The Road Less Traveled
In textbooks, America is a land of opportunity, a place where hard-working folks can forge their own futures. In the wine sector, that’s largely still true—witness the burgeoning number of winery startups across the United States.
Despite that, these four Americans have chosen to pursue their dreams overseas, in countries as varied as Argentina, France and New Zealand.
They’ve faced different challenges and made their own paths along the way to success. Here are their stories.
—Joe Czerwinski, Michael Schachner and Roger Voss
Pyramid Valley Vineyards | Canterbury, New Zealand
These days, we might call a guy with degrees in English and Art History a barista, but Mike Weersing, then in his mid-20s, decided to become a winemaker.
“I was intrigued by Pinot, so I went to Oregon to do a harvest,” he says.
After his experience at Evesham Wood in 1992, Weersing was hooked, but hesitant.
“Having already done a BA and an MA, the last thing I wanted to do was another four-year degree,” he says.
Casting about, his educational search fell on Burgundy, where he enrolled in a two-year wine program in Beaune.
For a few years, he served as a sort of itinerant winemaking assistant, working his way from south to north as the harvest progressed.
“I kind of felt like I was fathering children all over the world and never seeing them grow up,” Weersing says of the wines he made.
After meeting Australian writer and vintner James Halliday, Weersing worked a harvest at Coldstream Hills, in the Yarra Valley, then moved on to Neudorf, in Nelson on New Zealand’s South Island.
He stayed for three and a half years, but yearned to begin his own project.
“I chafe a little at the idea of defined possibilities,” says Weersing. “I wanted to do something new.”
By 2000, when he and his family purchased a 300-acre sheep farm in Canterbury, the search had almost cost him dearly.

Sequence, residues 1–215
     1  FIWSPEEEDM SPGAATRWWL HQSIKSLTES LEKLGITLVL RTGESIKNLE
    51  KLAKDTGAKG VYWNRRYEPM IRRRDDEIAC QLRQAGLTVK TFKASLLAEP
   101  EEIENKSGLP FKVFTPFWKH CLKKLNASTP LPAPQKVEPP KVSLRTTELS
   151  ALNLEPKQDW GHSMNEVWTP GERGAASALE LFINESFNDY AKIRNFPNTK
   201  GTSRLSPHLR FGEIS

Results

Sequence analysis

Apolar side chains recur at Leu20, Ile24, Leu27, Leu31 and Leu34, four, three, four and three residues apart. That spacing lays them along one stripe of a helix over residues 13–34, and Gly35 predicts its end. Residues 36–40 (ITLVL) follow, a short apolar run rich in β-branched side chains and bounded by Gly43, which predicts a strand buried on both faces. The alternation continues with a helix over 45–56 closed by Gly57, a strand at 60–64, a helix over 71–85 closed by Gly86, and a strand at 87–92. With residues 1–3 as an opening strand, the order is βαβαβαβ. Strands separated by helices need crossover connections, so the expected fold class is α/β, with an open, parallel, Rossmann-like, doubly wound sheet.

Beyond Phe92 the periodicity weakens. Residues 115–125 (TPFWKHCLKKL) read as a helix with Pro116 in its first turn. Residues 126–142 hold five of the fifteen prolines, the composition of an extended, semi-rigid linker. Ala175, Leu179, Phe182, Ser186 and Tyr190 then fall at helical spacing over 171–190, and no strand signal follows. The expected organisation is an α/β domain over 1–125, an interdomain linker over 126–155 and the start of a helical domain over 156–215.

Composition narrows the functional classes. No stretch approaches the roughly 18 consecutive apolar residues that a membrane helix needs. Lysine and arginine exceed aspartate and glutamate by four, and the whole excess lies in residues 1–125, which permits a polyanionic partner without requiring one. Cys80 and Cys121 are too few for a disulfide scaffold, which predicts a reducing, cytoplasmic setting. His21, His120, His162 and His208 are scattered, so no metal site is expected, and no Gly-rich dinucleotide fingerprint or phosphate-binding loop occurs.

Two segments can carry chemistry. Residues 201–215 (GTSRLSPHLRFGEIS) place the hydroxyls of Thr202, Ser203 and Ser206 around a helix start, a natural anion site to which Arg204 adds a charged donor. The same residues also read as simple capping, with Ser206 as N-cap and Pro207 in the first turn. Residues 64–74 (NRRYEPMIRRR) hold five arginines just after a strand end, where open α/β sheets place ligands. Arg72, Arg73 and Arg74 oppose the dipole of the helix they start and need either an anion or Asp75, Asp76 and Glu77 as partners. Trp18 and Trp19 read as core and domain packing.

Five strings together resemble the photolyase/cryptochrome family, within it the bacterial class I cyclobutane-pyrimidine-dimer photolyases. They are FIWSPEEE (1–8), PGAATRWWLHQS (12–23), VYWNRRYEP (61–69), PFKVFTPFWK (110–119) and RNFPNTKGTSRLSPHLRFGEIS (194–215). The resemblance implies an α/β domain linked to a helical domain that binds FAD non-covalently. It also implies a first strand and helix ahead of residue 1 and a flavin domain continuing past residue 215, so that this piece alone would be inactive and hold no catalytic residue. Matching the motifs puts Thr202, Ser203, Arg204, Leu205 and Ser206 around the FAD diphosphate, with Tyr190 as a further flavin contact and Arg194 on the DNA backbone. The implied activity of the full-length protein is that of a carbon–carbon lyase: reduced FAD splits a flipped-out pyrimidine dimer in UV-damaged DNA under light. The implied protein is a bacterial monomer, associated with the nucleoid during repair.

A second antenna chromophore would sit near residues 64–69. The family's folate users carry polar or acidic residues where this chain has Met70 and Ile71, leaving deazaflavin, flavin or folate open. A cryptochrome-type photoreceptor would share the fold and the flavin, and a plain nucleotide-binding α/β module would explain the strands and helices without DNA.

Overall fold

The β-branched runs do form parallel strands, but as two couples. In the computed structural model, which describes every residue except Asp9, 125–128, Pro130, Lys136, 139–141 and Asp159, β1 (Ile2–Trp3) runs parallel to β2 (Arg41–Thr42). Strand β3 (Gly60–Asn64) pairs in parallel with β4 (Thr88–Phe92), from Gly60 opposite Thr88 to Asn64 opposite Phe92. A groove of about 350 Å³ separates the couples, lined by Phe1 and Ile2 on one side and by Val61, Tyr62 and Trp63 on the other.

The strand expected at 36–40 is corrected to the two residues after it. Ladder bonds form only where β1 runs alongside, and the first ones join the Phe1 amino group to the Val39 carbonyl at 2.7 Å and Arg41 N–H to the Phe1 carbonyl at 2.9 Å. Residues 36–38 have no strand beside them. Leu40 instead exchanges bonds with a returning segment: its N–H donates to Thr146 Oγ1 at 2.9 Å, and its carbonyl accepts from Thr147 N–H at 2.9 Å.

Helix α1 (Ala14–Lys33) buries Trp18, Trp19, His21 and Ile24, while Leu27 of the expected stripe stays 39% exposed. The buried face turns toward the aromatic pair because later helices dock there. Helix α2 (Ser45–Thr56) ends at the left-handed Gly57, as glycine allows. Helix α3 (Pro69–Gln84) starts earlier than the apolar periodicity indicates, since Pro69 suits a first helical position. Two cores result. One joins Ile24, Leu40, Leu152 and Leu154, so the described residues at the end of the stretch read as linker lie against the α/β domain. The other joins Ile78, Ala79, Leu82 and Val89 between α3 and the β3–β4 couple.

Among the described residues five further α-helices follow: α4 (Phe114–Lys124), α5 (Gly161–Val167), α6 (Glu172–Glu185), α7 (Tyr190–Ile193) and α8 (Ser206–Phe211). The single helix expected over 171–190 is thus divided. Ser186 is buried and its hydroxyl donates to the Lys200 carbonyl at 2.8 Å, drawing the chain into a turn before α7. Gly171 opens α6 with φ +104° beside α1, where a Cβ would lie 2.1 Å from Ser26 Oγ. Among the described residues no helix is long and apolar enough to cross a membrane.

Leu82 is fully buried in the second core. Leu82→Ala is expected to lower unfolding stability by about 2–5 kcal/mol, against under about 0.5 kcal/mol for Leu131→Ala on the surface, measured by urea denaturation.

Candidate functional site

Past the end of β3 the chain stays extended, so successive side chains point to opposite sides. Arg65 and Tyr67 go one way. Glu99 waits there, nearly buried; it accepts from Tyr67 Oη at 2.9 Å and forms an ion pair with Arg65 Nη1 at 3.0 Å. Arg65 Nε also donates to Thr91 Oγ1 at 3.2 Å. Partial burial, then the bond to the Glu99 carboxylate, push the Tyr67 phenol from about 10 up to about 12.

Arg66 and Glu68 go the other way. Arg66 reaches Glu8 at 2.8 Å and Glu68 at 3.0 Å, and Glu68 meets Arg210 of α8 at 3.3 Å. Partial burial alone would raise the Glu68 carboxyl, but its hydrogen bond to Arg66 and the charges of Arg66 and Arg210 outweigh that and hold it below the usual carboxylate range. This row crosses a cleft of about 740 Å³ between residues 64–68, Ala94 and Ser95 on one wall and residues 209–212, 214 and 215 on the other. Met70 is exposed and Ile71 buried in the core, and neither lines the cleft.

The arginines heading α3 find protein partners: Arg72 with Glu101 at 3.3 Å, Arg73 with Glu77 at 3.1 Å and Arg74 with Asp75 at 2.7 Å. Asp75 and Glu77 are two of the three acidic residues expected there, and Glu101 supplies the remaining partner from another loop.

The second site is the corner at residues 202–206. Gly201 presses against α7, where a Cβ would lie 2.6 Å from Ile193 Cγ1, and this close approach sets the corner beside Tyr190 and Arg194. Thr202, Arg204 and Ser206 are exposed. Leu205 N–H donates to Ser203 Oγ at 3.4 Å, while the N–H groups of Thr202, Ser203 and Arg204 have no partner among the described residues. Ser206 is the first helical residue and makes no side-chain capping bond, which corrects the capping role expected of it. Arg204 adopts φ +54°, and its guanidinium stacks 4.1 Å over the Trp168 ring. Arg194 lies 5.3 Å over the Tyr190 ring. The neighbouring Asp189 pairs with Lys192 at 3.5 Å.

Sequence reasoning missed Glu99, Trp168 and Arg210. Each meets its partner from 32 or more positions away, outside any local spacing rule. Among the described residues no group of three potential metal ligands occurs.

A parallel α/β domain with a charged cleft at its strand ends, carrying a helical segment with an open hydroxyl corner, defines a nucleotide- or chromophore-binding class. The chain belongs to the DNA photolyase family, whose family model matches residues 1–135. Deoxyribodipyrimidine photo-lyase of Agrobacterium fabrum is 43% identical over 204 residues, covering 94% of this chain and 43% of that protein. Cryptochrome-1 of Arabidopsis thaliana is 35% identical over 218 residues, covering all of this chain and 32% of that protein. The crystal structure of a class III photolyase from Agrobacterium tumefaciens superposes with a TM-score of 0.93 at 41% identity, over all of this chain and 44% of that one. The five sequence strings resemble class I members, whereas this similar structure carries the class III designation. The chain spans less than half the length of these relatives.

“I was looking at geological maps of Uruguay, and Claudia [his wife] was looking at divorce papers,” he says.
Even after that, the first few years were tough, says Weersing.
“We’re on very tight spacing and established the vineyard biodynamically, so just getting the plants up was hard,” he says “We had to do everything by hand.”
The first commercial vintage was in 2006, and things looked promising, says Weersing. “But then the GFC hit and everything changed overnight.”
Now the biggest challenge is selling the wine.
“We can’t sell it all locally,” says Weersing. “We sell 3,000 cases in 30 different markets across more than 20 countries.”
Vines of Mendoza | Mendoza, Argentina
After the 2004 U.S. presidential election, Democratic operative Michael Evans went to Argentina for a much-needed vacation.
Wowed by the country’s gregarious culture, and especially Mendoza’s natural beauty, Evans chose to stay in the land of tango, beef and Malbec.
A decade later, Evans, along with Argentine partner Pablo Giménez Riili, runs Vines of Mendoza, a multifaceted operation based in the Tupungato section of the Uco Valley.
It offers private vineyard and winemaking opportunities, a high-end resort, a cutting-edge restaurant (Siete Fuegos, by renowned chef Francis Mallmann) and more.
“I came to Argentina after working four consecutive presidential campaigns, from [Bill] Clinton through John Kerry,” says Evans. “I needed a break. After a few days in Buenos Aires, I came to Mendoza to see the Andes and taste wine. From the start, the synergy and good fortune were magical.”
Evans met Riili by chance at a casual wine tasting in a Mendoza bookstore. The meeting would change his life.
“If I hadn’t [met Riili], I most likely would have had a good time for a week or two and went home,” Evans says, “But within a day of meeting him, we were driving the back roads of Mendoza together and discussing ways of going into business.
“I went to an asado at his family’s house, and even got to taste with important wine guys like Carmelo Patti and Santiago Achaval. Add in some late-night drinking, and Pablo and I decided to form Vines.”
Today, Vines of Mendoza has 750 acres of vineyards, about 70% planted to Malbec. With 135 private owners, Evans says that he, winemaker Pablo Martorell and Santiago Achaval, Vines’ consultant, are making 500,000 bottles a year.
That figure comprises over 300 different wines, including Recuerdo, Vines’ 25,000-case commercial label.
“Down deep, I always wanted to own a small vineyard and make wine,” Evans says. “But this goes beyond what I ever had considered. We are giving people a shot at having the same amazing experience I had when I first came here.